Yes…it’s an SOS California blog. You know what we’re talking about when we say BLACK GOLD. We’re talking about…license plates.
The California Department of Motor Vehicles (DMV) instituted a program to distribute Legacy License Plates. Legislation introduced the California Legacy License Plate program offering vehicle owners the opportunity to purchase replicas of California license plates similar to those issued in the 1950s, 1960s, and 1970s. Only the 1960s plate reached the required 7,500 minimum orders before January 1, 2015. The Press Release in June 2015 stated that the plates were released so, “California drivers can relive those nostalgic memories from the 1960s with Legacy License Plates.”
1960s California nostalgia…how fun! Surfing, woodies, Beach Boys…what great memories and the pure definition of California culture for the rest of the country and even the world. But is that the full history of the black and gold license plate? How did license plates come to include color schemes, and how did California become associated with black and gold?
A Los Angeles Magazine article provides some background. New York was the first state to require automobiles have license plates, beginning in 1901. At the time, individual owners were expected to make their own plates. In 1956, the U.S. government came to an agreement with the Automobile Manufacturers Association that fixed the size for license plates for automobiles. From 1963 to 1969, California-issued license plates featured gold numbers on a black non-reflective paint with an embossed state name.
Gary Richards, the author of an article about the plate’s return in The Mercury News, said that these retro plates are popular, “Because they look so cool. For me, they recall the fun days of watching Edd Byrnes play “Cookie,” a protégé to private eye Efrem Zimbalist Jr. in “77 Sunset Strip.” That was a weekly must-watch when I was a kid.”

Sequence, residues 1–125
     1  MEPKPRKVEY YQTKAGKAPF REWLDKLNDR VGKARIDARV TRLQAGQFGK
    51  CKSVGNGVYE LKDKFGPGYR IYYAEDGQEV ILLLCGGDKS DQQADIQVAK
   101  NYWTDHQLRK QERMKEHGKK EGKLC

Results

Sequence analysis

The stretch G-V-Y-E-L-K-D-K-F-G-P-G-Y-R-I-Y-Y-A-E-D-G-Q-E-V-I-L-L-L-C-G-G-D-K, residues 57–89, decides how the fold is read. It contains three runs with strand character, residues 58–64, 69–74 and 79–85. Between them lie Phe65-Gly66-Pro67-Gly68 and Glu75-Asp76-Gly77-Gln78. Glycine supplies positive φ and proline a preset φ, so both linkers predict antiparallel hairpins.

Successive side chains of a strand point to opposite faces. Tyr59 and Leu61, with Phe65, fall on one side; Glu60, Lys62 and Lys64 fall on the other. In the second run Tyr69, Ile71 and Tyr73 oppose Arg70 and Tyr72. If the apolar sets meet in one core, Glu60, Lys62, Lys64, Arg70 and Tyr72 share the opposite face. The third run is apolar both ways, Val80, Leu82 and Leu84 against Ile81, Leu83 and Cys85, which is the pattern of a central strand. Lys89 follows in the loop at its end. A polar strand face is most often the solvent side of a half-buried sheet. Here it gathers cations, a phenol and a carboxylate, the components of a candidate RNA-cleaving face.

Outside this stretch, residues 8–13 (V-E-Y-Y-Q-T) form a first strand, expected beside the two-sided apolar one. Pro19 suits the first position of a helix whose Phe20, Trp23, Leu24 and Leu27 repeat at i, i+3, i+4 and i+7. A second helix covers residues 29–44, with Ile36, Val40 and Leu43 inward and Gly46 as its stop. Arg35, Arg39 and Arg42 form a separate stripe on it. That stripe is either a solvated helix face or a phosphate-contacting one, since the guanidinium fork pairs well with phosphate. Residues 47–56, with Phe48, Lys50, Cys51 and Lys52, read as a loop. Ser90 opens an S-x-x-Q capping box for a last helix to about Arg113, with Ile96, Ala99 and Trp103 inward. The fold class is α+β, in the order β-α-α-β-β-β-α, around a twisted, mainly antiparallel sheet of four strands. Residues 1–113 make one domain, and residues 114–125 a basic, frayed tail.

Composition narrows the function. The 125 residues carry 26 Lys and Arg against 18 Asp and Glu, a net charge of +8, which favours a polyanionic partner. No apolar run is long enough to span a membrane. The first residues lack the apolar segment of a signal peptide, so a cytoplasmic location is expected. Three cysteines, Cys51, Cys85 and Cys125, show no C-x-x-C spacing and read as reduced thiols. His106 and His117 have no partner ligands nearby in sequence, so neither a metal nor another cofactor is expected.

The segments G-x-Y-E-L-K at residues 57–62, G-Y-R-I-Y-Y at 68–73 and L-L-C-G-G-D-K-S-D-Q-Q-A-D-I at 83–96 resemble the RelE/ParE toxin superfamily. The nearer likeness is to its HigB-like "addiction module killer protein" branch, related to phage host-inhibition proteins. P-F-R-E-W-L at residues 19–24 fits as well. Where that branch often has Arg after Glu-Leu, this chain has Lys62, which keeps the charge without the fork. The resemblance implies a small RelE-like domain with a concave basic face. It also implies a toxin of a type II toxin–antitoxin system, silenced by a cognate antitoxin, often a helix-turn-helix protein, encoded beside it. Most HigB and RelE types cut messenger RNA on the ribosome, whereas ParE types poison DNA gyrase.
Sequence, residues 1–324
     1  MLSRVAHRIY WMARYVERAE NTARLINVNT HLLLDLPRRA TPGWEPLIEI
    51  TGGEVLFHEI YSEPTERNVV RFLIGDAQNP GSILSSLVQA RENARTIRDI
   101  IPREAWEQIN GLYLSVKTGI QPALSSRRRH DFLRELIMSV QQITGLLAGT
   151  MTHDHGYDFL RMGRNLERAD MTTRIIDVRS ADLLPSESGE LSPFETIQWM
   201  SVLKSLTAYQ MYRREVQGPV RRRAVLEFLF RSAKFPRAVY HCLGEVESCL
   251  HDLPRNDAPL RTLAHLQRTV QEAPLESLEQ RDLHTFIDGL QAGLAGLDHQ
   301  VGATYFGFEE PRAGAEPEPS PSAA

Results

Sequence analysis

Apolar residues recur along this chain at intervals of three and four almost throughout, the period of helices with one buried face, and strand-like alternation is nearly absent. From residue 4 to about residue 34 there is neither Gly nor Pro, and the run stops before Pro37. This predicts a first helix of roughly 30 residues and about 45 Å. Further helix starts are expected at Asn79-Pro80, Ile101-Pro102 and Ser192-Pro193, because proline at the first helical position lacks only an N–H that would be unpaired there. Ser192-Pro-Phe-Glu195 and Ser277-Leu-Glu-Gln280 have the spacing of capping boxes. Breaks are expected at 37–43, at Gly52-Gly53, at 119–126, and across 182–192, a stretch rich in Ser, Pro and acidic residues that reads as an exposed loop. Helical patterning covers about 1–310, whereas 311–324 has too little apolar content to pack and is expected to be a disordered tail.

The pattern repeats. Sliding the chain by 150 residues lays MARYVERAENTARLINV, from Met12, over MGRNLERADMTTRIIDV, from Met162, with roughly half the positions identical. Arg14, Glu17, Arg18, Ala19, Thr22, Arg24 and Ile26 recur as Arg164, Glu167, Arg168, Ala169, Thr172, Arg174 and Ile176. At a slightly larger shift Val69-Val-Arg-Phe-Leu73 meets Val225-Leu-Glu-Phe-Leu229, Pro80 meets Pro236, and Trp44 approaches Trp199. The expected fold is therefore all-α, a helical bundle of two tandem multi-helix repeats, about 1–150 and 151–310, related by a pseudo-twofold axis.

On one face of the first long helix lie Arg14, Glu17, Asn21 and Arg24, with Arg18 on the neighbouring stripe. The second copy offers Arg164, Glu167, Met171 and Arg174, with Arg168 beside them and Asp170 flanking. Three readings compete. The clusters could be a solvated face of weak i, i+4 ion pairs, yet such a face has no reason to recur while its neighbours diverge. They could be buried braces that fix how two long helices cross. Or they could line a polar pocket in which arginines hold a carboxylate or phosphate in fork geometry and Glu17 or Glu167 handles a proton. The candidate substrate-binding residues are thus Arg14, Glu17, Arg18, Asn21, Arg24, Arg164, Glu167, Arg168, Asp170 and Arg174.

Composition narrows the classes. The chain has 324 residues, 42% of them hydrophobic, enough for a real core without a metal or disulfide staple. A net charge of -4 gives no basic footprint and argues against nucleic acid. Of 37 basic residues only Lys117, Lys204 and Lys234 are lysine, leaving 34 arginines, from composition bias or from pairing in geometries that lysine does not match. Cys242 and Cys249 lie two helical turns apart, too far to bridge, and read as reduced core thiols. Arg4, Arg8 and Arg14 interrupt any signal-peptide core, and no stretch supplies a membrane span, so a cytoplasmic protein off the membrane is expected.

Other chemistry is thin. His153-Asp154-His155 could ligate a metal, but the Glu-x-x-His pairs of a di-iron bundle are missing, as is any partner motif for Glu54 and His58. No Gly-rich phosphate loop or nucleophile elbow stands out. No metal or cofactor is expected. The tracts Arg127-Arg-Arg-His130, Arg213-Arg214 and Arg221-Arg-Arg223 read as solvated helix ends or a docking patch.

The resurrection of legacy plates was first introduced by CA Assemblyman Mike Gatto. He was quoted in Newswire as saying “Aside from not salting our roads, California doesn’t often do much for automobile enthusiasts. This is an easy way for the state to enable everyone from the backyard restorer to the nostalgic, to the purchaser of a retro-styled automobile to add that extra bit of detail for those of us who appreciate the classic era of automobile design.”
Mr Gatto’s legislative director Aaron Moreno told Hemmings Daily that “The molds were just sitting there in Folsom prison. And when the people at the prison heard we were trying to get this program started, they dusted the molds off and saw that they could still be used.”
All this is very interesting, but what about the connection to California’s other Black Gold? Well, that’s turning out to be a much more difficult thing to pin down. Could it be that Californians are now hesitant to admit that a part of their history celebrated the importance of oil and gas production?
Economic Benefits of Oil
Oil and gas production surely is California’s black gold. The Paleontological Research Institution points out that many people may be surprised to learn that one of Southern California’s chief exports over the last 100 years, besides motion pictures, has been oil. Like oil reservoirs in Texas, Louisiana, and Pennsylvania, a hint of what lay beneath the surface could be seen in the many above ground oil seeps. These seeps had been known by Native Americans for thousands of years. In 1900, the state of California produced 4 million barrels. In 1910, this had jumped to 77 million barrels. In spite of this increased production, many of the fields were beginning to see slowdowns in their production rates in the late 1910’s, and Californians wondered if their oil boom was reaching an end. But before that would happen, 3 major fields were discovered in rapid succession – Huntington Beach (1920), Santa Fe Springs (1921), and the biggest of them all, the Signal Hill, or Long Beach, Field in 1921.